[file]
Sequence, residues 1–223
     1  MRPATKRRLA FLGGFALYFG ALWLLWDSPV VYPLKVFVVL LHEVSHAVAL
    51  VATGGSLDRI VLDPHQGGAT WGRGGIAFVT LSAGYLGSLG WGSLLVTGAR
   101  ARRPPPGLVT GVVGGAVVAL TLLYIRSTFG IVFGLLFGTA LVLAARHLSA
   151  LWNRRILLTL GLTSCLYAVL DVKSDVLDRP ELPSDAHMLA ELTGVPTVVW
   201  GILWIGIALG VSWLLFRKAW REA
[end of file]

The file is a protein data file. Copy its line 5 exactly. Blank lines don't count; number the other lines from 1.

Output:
   151  LWNRRILLTL GLTSCLYAVL DVKSDVLDRP ELPSDAHMLA ELTGVPTVVW